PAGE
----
Ensuring our frontline staff are looked after
Running a business is hard, and it's not about to get any easier.
We all know costs are rising and interest rates are going up. Financially, things look gloomy.
On top of this, employee expectations are higher than ever after a tough few years. They want, and need, more pay, more flexibility, more support.
How can you, as a business owner of an SME, keep your key workers happy and sustain your profitability?
It seems like a difficult challenge, but a challenge that is possible. This article will provide some information and tips to help you.
Who is a key worker?
Key workers are the staff who work on the frontline of our most required services.
These include Health & Social Care, Education, Transport, Infrastructure, Public Safety, Food Production and Distribution, and, of course, the government.
There is a more detailed list available here.
How can you support your key workers and inspire confidence?
Start with the right mindset
COVID-19 was a global problem, but we learned a lot from it, and some things have changed for the better.
As a leader, when employees have problems, it might negatively affect productivity. On the flip side, it's also an opportunity to show empathy and build trust in your leadership, which is much better long term.
Showing support and being as flexible as possible with meeting your staff's needs is critical when they are going through a tough time.
Understand what your employees need from you
Most staff want the same basic things from their work: Stability, respect, inclusion, and appreciation.
Providing this for them makes it much easier to navigate any issues with less impact on their work.
If you don't already, make it a habit to regularly write or email 'Thank You' notes to your staff. Try to include them in decisions, or, at least, listen to their viewpoint.
Think of your employees as members of a sports team where everyone's input and work are highly valued.
Provide individualised support
It should come as no surprise that employees want their leaders to understand their individual needs, preferences, and circumstances when making work arrangements to feel they are receiving the support they need.
So using a single approach for all of your staff is highly unlikely to work. It's better to understand each employee personally when making decisions.
For example, employees with children or caring duties might need more flexibility with their shifts. Allowing them to request shift swaps when needed, and then reviewing these on the rota, is a quick and easy way to empower them.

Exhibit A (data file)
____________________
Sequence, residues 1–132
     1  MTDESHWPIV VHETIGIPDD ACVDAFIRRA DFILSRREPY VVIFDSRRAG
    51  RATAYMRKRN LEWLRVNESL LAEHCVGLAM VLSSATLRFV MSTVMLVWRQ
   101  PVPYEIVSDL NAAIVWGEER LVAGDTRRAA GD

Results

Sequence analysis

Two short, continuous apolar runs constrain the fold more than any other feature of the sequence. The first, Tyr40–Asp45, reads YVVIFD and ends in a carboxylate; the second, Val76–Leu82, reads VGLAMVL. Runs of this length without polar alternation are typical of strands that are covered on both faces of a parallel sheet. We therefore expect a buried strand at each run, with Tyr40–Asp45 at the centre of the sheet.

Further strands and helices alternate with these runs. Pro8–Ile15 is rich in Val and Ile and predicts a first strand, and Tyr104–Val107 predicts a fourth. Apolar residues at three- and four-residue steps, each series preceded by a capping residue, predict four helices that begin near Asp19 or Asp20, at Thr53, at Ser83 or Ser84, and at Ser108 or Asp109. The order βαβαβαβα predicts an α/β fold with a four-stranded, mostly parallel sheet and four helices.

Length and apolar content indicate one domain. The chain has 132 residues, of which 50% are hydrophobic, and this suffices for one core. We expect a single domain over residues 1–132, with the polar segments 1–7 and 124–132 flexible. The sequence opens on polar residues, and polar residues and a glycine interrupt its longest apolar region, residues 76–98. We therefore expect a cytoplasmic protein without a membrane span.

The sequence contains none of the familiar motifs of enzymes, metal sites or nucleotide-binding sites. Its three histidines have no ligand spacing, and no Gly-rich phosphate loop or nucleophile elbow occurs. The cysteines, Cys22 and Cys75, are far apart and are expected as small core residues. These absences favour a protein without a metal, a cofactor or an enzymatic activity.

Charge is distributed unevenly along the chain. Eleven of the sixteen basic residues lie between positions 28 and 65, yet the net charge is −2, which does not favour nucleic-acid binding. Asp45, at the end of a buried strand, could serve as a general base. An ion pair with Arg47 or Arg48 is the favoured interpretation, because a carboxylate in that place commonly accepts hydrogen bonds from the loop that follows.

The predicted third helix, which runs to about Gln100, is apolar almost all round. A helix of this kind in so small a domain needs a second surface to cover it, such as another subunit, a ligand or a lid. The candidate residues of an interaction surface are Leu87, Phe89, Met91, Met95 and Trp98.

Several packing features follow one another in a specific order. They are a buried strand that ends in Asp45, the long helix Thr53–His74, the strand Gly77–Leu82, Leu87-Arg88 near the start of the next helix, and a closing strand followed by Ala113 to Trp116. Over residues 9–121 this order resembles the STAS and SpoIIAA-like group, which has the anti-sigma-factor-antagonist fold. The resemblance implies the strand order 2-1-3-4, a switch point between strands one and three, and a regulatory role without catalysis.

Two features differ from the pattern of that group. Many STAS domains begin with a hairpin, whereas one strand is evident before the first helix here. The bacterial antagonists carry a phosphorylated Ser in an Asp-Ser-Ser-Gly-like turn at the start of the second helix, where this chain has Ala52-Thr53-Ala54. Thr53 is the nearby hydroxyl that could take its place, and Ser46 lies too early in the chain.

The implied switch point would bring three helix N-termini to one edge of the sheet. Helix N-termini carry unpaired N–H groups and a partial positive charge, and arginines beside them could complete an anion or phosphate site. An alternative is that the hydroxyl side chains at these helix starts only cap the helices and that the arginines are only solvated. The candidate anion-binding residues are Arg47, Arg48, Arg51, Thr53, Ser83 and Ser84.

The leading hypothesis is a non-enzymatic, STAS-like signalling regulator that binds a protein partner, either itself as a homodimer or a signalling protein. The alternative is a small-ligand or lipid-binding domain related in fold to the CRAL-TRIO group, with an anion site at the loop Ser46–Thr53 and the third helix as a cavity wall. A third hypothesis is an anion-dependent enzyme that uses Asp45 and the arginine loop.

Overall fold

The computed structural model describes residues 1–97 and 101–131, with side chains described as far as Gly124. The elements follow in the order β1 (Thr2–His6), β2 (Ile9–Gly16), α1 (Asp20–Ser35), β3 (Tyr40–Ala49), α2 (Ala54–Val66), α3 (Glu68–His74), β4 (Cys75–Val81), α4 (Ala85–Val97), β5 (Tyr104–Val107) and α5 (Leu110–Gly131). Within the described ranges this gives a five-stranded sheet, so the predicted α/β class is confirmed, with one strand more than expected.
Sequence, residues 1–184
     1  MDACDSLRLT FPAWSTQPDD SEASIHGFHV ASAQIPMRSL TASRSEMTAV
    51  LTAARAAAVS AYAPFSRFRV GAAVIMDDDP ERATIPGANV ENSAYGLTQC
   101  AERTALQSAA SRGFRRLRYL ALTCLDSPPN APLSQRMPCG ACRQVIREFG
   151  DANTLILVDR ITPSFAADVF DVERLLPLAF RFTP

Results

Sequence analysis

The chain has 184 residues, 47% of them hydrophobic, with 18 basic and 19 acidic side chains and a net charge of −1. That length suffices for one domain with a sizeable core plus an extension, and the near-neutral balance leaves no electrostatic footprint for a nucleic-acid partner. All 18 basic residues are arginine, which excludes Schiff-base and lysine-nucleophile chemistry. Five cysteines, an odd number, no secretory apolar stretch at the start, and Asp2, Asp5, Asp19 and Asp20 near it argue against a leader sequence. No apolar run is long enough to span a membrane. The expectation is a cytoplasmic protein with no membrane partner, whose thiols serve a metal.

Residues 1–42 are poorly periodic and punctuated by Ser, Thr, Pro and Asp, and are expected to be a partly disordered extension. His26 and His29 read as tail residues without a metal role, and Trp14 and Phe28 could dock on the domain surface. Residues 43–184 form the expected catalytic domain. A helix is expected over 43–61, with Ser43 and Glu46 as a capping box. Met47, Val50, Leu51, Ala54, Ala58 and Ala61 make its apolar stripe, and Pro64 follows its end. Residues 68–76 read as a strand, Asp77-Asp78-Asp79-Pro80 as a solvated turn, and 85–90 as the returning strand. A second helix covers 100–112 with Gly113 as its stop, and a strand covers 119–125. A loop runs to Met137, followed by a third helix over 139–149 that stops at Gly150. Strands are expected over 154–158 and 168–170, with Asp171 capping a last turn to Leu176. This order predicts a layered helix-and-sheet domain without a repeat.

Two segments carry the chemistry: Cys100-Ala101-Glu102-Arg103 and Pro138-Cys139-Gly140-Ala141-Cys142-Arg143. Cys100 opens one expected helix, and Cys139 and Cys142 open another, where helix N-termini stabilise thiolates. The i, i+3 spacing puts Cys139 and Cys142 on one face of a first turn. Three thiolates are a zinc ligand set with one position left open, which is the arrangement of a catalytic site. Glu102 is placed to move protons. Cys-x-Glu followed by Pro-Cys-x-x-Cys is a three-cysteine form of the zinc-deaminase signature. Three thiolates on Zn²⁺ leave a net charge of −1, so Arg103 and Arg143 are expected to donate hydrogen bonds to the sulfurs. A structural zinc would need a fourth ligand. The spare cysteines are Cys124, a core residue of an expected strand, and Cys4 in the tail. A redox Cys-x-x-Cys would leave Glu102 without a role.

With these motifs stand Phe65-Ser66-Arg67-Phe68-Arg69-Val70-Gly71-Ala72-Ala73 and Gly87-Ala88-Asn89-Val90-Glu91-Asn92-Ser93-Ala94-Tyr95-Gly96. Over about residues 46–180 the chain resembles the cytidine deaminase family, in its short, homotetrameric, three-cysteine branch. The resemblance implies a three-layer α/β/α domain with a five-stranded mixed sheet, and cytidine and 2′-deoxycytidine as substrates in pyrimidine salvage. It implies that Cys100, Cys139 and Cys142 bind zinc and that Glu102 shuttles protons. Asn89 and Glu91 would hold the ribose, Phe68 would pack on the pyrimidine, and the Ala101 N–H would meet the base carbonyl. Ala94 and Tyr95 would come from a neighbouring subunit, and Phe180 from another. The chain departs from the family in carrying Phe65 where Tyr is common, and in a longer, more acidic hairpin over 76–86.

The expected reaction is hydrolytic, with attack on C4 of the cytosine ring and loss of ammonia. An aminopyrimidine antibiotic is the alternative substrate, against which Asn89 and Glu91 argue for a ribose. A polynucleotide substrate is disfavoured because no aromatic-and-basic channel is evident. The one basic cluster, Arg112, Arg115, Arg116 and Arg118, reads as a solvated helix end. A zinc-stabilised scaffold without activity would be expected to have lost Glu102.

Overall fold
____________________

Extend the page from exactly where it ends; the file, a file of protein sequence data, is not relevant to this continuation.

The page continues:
How to set clear boundaries
Of course, it's unrealistic to meet each need of every employee all the time.
There will be situations and circumstances where the help and support you can provide is limited.
For example, in situations where long-term illnesses or an economic crisis are causing stress and impacting an employee's ability to work, there is only so much you can do.
At times like this, you can still offer verbal and emotional support. With time off and flexible working, allow what you can but set clear limits and boundaries.
Keeping your staff motivated and profits flowing
Staff motivation is critical to the success of every business, but sometimes it's easier to talk about in theory than successfully instil it in employees.
The key is to focus on motivation every day and not just when things start to dip because, when this happens, it's much harder to get back on track. Motivated employees love their work. They also enjoy being around their colleagues and helping to achieve their team's vision.
So motivation starts with ensuring your team works well together, creating a culture where everyone feels secure, heard, and understood by everyone else.
That's not an easy task! However, team building days, regular open discussions, and high expectations of each other really do help.
Be open about mental health
Everyone seems to be talking about mental health, and it’s clear that our key workers have been under a lot of strain over the past few years.
It's great that the stigma around it is disappearing, but you might be concerned about how to help your staff and what they expect from you.
It’s important to recognise that you don’t need to have all the answers. Always listen to what your employees are saying. Create a culture where it's safe to talk about mental health, stress, and so on.
But if you feel unsure of how to support someone, it's perfectly ok to refer them to a professional or ask for support or training so that you know what to do.